Elon Musk has never been a proponent of the universe's most abundant element, hydrogen. Well, at least in the context of a fuel source for an electric car. This is not a new stance for him, but it is one he reiterated last month at a press conference. So, why, exactly, is he such an H-phobe, and is he right?

There's been a good number of arguments for and against Musk's position. Let's try to get to the basic thrust of both sides so we can make sense of it. But before we do that, let's just quickly go over exactly how hydrogen is used in electric cars.

To run an electric car, you need a source of, duh, electricity. A conventional battery-powered electric car uses storage batteries that are capable of storing electricity provided by some outside source. The battery is charged by the outside source, and stores that energy with, generally, pretty minimal loss. The source of electricity can be absolutely anything: coal, solar, nuclear, dogs on treadmills, etc. Modern batteries have gotten pretty good, but they're still heavy, bulky, and take a long time to charge.



A fuel cell (again, I'm simplifying wildly) takes a source of hydrogen, oxygen from the air, and chemically combines the two to produce a flow of electrons (electricity) and water. Fuel cells were used on the Apollo spacecraft, since they were a great way to get both electricity and have a source of drinking water, eliminating the need to haul heavy water into space.

Now, hydrogen is the most abundant element in the universe, but most of it is out there, in interstellar space or inside some unpleasantly hot stars. On earth, it's trickier to get, and a fair amount of effort is needed to extract it from other sources, like methane or natural gas or other hydrocarbons. And that process takes energy. Hydrogen is also extremely flammable and tricky to transport and store, so all of that takes energy, materials, and effort as well.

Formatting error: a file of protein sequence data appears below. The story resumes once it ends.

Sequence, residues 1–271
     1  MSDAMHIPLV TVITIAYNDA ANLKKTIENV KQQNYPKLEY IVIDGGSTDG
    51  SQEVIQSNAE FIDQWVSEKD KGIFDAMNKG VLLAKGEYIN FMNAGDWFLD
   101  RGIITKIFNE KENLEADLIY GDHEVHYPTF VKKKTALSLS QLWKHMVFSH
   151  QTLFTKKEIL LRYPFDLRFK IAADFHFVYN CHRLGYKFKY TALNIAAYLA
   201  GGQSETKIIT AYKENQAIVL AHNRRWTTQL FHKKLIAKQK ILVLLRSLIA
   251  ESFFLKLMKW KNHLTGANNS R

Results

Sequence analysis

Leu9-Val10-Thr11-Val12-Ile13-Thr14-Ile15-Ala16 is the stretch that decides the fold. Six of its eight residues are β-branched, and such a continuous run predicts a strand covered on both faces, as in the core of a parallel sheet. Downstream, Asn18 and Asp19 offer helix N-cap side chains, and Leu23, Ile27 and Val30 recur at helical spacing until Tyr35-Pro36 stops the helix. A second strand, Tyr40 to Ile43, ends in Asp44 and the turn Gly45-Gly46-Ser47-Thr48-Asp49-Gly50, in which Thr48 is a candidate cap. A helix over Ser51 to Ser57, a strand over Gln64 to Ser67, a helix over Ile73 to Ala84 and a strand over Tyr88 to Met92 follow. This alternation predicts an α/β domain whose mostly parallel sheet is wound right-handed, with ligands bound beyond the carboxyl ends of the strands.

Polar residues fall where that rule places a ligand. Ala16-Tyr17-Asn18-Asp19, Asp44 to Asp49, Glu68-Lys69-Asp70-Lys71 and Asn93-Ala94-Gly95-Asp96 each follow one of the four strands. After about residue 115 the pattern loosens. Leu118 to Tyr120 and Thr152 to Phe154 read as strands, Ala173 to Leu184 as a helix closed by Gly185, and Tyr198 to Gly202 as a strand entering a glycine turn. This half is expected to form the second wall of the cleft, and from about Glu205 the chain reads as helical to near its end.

And all of those caveats are at the heart of why Elon Musk thinks hydrogen is "bullshit" as a car fuel — he's looking at everything from an overall, systems-level viewpoint, and evaluating all the extra steps involved from the initial conversion of motion or nuclear reactions or combustion into electricity to storing and using it in a car. From a purely scientific standpoint, he's absolutely right — just storing the electricity in a battery is way, way more efficient.


All of the production and preparation of hydrogen — and then the transport and storage — is using energy that could otherwise be used to charge batteries that could just be driving the cars. Here's Musk explaining it himself:

"Hydrogen is an energy storage mechanism. It is not a source of energy. So you have to get that hydrogen from somewhere. if you get that hydrogen from water, so you're splitting H20, electrolysis is extremely inefficient as an energy process…. if you say took a solar panel and use the energy from that to just charge a battery pack directly, compared to try to split water, take the hydrogen, dump the oxygen, compress the hydrogen to an extremely high pressure (or liquefy it) and then put it in a car and run a fuel-cell, it is about half the efficiency, it's terrible. Why would you do that? It makes no sense."